By: Mikaila Gawryn
Earth Ministry Intern
If the contrast between silent, lush, mountain forest and dehydrated orange mine tailings wasn’t enough to startle me the white stone cross with mining steaks driven into its extremities surely was. I stood gazing at it, quietly humbled. I had wandered, on a whim, into the graveyard of the Holden Mine, which from 1937 to 1957 produced what is valued at over $500 million in copper, gold, zinc and silver.
As I walked the trail up to the tailings with MaryFrances Lignana, one of our Earth Ministry board members, I realized that I have had the privilege of growing up without seeing the environmental scars of industrial production. I use the word privilege intentionally because only a privileged few see the shiny new “products” created from mines like this one. I have not seen the consequences of a lifestyle dependant on industrial scale use of the environment. I definitely haven’t had to breath, drink or eat the consequences as many in our world do every day. Maybe going to the tailings that afternoon was partially due to my desire to see the harsher side of this industrial lifestyle.
What I found most astonishing was the close proximity of splendor and disfigurement. As we followed a creek up the mountainside, it turned from gurgling clear to chalky white, until the tanned rocks were covered by milky sediment that appeared indifferent to the flowing water. Tracing the creek up to its source led us to a rusty “Danger! Do Not Enter!” sign, and a stagnant pool of water emerging from the opening of the mine shaft. Yet, the fresh green trees and undergrowth extended uninterrupted framing the wide wooden beam entrance. The sounds of forest life could be heard through the thick hot silence of the open tailing plane. Rusting equipment seemed to blend into the dusty rock of the tailings, only yards away from creeping vines and leaves full from a wet spring. It was as if a deep wound had been gashed into the living flesh of the mountainside. The splendor of God’s creation was disfigured here.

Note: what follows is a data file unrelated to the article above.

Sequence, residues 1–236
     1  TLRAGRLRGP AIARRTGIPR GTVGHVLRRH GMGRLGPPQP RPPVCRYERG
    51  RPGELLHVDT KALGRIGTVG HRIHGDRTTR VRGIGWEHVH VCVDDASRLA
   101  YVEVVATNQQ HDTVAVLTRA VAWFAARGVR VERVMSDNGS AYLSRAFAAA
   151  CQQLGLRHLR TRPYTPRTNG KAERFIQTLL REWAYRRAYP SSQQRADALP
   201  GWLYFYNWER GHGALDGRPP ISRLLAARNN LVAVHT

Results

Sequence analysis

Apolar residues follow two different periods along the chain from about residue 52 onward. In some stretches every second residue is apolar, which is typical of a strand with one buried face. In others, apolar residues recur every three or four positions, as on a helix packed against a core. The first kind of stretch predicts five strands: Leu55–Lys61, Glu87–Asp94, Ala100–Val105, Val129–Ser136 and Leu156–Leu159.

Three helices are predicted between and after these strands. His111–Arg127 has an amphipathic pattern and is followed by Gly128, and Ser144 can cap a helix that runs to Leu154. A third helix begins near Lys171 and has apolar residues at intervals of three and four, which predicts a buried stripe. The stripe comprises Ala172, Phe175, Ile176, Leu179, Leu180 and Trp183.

I can’t deny the benefits that industrial “resource” use has brought. Yet the damage done by such use is plain to see. It is these dichotomous situations in life that should lead me to prayer. All too often though, prayer is not where I go. Instead I thought to myself: How can we work against environmental degradation when destruction of the natural world is so systematically part of our society? How could I change these things? Any of these things?
In this mindset it is no surprise that I found the image of the cross startling. The white stones had been clearly visible from the entrance to mine the shaft, though I had to walk a few hundred feet to see the mining steaks driven into the ground. I had to walk closer to read the word underneath it: “forgiven”.
It was a good reminder of where my mind should have been. I shouldn’t have been thinking of what I could do, because when it comes down to it I am only human, and only one. The cross at the mine tailings reminded me of my tendency to despair in the face of degradation. Thankfully, I realized that I can do nothing on my own. We can do nothing on our own. As we live as witnesses to both the splendor and disfigurement of creation let us look to God for guidance and courage and let us lean upon the power of God for forgiveness.
Until my next post,